INTEGRAL WORLD: EXPLORING THEORIES OF EVERYTHING
An independent forum for a critical discussion of the integral philosophy of Ken Wilber
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Dr. Joseph Dillard is a psychotherapist with over forty year’s clinical experience treating individual, couple, and family issues. Dr. Dillard also has extensive experience with pain management and meditation training. The creator of Integral Deep Listening (IDL), Dr. Dillard is the author of over ten books on IDL, dreaming, nightmares, and meditation. He lives in Berlin, Germany. See: integraldeeplistening.com
Toward an Integral Response to Coronavirus
We are now leaving an age of vast complacency and entering a time of unexpected high risk that most of us have never previously encountered in our lives.
We are now leaving an age of vast complacency and entering a time of unexpected high risk that most of us have never previously encountered in our lives. To those born into entitlement, immediate gratification, and a politically correct culture used to blaming others or circumstances for misfortune, this will be a time of ascendency for fear porn and catastrophic drama. Under pressure, people tend to melt down, regress, and turn into incoherent blobs of early prepersonal self-interest. When entire societies are addicted to noospherically-oriented work and entertainment, the shock of encountering authentic physical threats and discomforts with no easy solution is going to be confusing at best and an occasion for prepersonal acting out at worst.
Can Integral offer any realistic, meaningful alternative? Another framing of crisis is opportunity. It is time for us to be thinking about how Integral might offer something positive to a mass of panicked, confused people across the globe.
A good rule of thumb is that 95% of all fears are false or overblown, but 5% will kill you. Discriminating between the two is the real challenge. How do we know when we are unnecessarily scaring ourselves or ignoring some genuine threat? A good example is global warming, where each side is quite convinced the other is brain dead. We don't want to get caught in the same position regarding Coronavirus, and it looks right now as if reality is not going to let us.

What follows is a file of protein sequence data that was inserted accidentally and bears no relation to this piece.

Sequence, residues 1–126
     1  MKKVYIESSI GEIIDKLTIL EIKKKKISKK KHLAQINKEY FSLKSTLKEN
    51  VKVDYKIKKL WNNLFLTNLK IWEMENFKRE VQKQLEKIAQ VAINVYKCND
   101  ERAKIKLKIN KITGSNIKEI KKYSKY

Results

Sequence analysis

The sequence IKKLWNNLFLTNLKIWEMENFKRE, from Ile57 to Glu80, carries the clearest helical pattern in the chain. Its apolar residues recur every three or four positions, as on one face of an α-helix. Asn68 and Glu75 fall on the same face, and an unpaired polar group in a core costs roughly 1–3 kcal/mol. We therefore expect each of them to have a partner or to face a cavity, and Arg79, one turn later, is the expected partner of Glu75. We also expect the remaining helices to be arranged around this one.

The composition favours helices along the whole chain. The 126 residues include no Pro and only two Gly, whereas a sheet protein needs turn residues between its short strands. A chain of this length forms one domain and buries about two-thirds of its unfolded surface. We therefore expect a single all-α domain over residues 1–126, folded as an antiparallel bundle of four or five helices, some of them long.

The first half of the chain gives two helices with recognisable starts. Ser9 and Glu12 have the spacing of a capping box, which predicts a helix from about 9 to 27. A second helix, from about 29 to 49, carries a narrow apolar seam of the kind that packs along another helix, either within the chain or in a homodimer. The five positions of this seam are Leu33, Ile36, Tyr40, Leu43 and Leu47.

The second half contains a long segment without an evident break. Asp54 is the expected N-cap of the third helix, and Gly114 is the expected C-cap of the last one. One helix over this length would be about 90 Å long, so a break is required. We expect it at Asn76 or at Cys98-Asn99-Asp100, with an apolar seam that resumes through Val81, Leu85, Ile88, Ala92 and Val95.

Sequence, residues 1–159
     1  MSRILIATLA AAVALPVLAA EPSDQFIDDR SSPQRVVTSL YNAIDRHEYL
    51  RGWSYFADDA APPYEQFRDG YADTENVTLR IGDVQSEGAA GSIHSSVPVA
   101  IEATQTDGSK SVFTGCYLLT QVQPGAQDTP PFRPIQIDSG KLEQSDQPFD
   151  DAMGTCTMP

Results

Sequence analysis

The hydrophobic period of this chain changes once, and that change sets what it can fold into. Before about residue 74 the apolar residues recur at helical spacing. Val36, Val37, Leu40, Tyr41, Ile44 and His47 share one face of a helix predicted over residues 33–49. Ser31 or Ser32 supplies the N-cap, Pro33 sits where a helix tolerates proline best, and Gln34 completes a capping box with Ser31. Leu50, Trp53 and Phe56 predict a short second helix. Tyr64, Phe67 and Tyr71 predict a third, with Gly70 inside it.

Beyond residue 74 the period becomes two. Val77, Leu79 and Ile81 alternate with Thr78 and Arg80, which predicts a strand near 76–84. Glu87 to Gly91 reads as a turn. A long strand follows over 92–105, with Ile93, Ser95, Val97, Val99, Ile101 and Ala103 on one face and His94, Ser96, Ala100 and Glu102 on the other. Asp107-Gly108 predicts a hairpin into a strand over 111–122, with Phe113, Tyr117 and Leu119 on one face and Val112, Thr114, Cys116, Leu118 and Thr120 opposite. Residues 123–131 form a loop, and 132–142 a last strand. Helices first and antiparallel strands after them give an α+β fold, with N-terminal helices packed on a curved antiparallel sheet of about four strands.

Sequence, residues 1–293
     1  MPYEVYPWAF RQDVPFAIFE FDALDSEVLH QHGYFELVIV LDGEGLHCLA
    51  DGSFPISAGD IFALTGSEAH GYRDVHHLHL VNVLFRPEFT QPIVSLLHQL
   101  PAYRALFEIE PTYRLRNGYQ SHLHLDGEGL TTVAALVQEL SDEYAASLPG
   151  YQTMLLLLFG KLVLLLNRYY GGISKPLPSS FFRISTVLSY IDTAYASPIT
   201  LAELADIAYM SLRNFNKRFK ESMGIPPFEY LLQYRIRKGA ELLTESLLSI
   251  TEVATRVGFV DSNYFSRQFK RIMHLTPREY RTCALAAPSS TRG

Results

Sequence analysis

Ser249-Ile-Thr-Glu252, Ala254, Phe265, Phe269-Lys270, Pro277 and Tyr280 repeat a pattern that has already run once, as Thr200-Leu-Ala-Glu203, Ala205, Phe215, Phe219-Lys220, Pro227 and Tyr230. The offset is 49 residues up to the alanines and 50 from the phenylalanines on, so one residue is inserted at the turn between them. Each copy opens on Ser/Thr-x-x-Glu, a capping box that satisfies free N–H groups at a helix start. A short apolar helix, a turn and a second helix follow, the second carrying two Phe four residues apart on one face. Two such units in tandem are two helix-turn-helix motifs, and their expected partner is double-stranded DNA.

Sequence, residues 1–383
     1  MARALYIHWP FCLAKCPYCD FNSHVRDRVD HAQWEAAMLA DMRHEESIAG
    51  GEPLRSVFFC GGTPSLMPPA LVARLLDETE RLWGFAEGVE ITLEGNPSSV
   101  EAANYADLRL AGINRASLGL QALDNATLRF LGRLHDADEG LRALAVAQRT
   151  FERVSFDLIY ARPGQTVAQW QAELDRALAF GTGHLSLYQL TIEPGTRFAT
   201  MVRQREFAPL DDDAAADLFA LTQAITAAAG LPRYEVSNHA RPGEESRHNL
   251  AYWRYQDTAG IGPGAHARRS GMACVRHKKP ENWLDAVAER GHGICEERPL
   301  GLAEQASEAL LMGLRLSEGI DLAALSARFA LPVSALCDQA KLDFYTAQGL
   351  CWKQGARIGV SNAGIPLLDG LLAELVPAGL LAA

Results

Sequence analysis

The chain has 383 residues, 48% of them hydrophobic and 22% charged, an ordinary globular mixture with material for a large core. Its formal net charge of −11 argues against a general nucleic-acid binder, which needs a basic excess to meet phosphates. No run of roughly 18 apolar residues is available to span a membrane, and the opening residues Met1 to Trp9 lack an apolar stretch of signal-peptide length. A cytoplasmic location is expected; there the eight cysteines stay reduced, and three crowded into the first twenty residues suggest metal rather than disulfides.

As of March 7th, Northern Italy - half the country - has been put under quarantine. If present trends continue, the health care system in Italy will collapse in two weeks. Rates of infection in the US are following the trend lines seen in China, S Korea, Japan, and Italy. Will air travel within the US and globally be disrupted? Will we see massive shortages? Such thoughts, fantasies a week ago, are real possibilities now. Because the asymptomatic incubation period is so long - some 14 days - there is no guaranteed way to avoid the spread of this highly contagious virus short of moving into a cave in Tibet or living like a nomad for three months in a camper-trailer. It is now predicted that 40-70% of the global population will get coronavirus, with most not knowing they are carriers, or merely coming down with flu-like symptoms. For those over 60 or who are immune-compromised, it's the real deal: pneumonia-like symptoms requiring critical care, which may well not be available. The social and economic consequences are going to be tremendous and will overwhelm the ability of some nations to respond. Experts are saying an effective vaccination is 12 to 18 months away.
Liz Specht, a PhD in biology and the associate director of Science and Technology for the Good Food Institute, has provided a cogent analysis:
China, after quarantining Hubai province with some 57 million people, and its capital, Wuhan, which has a population of 11 million, for at least two months, and showing an impressive decline in new cases of coronavirus, is now finding it reintroduced by travelers entering the country. Could the shutting down of air travel in and out of China be possible? Could the shutting down of commercial global air travel be possible? When we think about the highly infectious nature of this disease and then consider the conditions we experience at airports and on board airplanes, a combination of public intention and national policies may make such an incomprehensible possibility a reality.
You have to decide for yourself whether the information and possibilities listed above and that you encounter in the media is fear mongering or not. What is over-reaction and what is not? We know that most cases of coronavirus will be mild or non-lethal, and that only those over sixty or who have immune systems that are jeopardized in several ways are likely to die. But even considering those realities, epidemiologists are now predicting millions of global deaths.